An example of marking according to IEC/EN 60079 is "Ex ib IIC T4". My question is about the temperature classes.
T1 450 °C
T2 300 °C
T3 200 °C
T4 135 °C
T5 100 °C
T6 85 °C
Suppose an transmitter is certified as T4. Now, what does this mean? I and my colleague have 2 opposing interpretations.
1) I argue that it specifies the maximum temperature that the surface of the transmitter could reach under normal/abnormal conditions. So, by this logic, T5 is better than T4 and T6 is better than T5.
2) My colleague argues that it specifies the maximum surface temperature from outside that the transmitter can withstand without going haywire. So, by this logic, T5 is better than T6 and T4 is better than T5.
So, which one is correct?
Surely equipment having temp. class T6 is better/superior to T5, T4 and so forth in that order. The subject instrument having Temp cl. T4 implies that instrument temp. shall not exceed T4 class i.e. 135 Deg c under normal/abnormal conditions and thereby rule out possibility of any ignition/explosion that could have caused due to surrounding flammable hydrocarbons/gases having auto ignition temp of more than 135 Deg C. which can come in contact with instrument surface.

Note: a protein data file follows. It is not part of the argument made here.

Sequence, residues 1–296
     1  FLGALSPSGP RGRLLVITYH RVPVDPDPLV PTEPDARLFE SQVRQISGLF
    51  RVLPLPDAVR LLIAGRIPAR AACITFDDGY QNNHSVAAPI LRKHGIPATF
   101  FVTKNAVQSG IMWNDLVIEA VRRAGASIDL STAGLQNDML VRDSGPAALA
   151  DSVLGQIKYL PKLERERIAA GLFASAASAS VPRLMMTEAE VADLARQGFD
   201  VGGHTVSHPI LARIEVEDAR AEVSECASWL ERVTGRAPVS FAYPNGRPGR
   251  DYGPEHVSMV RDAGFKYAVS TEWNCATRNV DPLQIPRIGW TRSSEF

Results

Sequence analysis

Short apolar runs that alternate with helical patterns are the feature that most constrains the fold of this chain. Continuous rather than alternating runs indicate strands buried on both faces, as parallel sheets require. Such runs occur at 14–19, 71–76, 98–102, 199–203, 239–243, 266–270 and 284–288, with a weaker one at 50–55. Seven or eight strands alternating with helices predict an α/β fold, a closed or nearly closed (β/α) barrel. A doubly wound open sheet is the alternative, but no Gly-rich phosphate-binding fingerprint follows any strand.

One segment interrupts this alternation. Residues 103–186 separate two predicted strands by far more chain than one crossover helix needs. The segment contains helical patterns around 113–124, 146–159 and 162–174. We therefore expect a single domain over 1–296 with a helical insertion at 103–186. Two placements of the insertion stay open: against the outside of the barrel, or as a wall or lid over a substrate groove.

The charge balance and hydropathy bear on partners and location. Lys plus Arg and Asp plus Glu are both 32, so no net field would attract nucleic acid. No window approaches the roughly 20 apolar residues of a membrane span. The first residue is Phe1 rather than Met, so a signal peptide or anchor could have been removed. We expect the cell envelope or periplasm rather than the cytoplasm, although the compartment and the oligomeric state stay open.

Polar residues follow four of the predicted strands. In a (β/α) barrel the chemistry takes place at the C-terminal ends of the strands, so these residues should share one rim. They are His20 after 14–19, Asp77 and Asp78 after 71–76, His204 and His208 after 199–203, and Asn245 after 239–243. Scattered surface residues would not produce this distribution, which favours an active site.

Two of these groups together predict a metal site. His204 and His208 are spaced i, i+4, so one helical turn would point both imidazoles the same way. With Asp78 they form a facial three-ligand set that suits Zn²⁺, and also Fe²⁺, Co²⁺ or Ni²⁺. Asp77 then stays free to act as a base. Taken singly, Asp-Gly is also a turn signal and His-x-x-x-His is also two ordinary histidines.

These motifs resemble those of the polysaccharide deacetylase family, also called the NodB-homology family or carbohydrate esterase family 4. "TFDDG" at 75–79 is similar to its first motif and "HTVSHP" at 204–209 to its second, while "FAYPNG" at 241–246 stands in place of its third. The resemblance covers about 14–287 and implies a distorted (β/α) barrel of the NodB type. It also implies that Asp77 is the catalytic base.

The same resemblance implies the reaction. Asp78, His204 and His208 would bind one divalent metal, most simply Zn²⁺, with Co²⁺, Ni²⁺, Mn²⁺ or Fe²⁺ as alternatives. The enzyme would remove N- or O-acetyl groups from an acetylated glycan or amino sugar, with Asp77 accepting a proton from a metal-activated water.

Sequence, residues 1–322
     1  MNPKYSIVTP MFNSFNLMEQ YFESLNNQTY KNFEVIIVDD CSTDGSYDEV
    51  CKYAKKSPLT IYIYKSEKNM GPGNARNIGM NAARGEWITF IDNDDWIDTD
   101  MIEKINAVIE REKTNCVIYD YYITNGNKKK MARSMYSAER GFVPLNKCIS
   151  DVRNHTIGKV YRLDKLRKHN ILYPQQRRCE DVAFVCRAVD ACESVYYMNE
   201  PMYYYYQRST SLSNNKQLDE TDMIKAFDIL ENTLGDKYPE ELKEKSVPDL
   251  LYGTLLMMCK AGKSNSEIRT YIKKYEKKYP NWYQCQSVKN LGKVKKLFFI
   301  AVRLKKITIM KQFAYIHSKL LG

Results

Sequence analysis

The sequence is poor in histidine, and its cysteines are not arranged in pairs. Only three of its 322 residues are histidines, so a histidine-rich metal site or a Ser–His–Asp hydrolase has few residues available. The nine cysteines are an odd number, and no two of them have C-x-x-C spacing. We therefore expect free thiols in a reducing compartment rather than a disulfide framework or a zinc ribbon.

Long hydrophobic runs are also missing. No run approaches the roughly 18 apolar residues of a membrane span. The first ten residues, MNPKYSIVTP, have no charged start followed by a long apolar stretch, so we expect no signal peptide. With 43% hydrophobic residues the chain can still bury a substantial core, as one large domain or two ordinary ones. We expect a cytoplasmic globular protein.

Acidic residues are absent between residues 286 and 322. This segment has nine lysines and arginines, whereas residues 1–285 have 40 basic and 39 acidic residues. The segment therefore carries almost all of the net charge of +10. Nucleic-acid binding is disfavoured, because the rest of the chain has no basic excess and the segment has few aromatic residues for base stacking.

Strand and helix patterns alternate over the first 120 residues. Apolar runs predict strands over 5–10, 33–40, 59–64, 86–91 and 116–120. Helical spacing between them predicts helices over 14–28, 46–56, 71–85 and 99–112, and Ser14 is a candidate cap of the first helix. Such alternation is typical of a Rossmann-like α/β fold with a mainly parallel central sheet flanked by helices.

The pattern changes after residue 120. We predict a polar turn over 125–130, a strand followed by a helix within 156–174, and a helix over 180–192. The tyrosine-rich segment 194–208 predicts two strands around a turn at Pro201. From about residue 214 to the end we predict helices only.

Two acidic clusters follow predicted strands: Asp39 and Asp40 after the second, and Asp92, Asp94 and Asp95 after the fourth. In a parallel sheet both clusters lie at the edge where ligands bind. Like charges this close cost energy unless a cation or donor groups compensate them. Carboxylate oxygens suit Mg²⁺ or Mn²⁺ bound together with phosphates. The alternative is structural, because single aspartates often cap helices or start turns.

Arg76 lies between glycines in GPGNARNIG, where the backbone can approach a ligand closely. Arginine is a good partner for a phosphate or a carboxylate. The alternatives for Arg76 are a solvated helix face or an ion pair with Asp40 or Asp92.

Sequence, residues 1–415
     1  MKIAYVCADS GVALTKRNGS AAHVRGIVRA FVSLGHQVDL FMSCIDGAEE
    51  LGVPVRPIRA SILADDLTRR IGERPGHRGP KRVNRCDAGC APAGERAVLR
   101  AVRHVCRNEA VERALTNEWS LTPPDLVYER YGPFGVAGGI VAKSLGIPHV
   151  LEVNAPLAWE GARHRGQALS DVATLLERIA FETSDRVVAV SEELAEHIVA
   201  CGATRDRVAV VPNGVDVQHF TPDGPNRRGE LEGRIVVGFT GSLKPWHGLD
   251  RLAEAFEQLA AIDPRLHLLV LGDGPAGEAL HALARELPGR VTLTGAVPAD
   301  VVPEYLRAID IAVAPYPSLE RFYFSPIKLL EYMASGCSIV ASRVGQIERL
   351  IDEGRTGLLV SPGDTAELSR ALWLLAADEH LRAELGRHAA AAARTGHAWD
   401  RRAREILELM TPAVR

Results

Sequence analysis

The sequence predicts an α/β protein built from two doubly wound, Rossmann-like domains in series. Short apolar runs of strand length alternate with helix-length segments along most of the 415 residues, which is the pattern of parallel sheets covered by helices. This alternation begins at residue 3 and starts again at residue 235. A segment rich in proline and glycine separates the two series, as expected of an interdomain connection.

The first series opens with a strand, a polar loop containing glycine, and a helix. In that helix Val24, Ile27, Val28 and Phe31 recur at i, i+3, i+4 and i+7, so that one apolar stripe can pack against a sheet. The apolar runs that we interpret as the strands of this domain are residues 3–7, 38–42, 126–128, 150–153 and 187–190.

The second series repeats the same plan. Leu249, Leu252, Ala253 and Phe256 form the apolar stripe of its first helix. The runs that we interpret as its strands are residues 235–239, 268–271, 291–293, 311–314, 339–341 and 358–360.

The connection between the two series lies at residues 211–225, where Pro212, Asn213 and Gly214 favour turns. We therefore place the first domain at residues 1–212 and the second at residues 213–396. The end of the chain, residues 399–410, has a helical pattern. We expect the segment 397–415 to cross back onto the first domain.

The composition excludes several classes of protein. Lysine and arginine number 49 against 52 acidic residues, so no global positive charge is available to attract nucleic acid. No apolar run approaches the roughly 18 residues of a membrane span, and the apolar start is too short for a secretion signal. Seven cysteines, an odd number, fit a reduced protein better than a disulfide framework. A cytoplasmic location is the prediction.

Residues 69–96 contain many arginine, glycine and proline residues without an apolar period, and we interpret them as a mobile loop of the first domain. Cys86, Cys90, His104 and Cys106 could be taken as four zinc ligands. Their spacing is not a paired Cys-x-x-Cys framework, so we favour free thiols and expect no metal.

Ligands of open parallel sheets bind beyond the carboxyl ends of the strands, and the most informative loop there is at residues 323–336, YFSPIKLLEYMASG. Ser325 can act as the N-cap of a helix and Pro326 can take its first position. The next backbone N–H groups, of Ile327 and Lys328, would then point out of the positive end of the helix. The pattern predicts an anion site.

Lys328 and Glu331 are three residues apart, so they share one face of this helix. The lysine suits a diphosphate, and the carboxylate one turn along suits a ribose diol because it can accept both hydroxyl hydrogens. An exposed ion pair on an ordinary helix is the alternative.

In subject case if instrument selected/offered with Temp. Cl T5 or T6 it will be even better as the instruments thermal limits will be controlled more stringently (and thus more challenging to design) than that of T4.
Rule is Equipment/instrument Temp class (T1 to T6) must be be < auto ignition temp of surrounding flammable hydrocarbon/vapours/gases. e.g.
- T6 certified equipment can be installed in hazardous zone having Temp Cl. T1 to T6.
- T3 certified equipment cannot be installed in hazardous zone having temp. Class T4/T5/T6.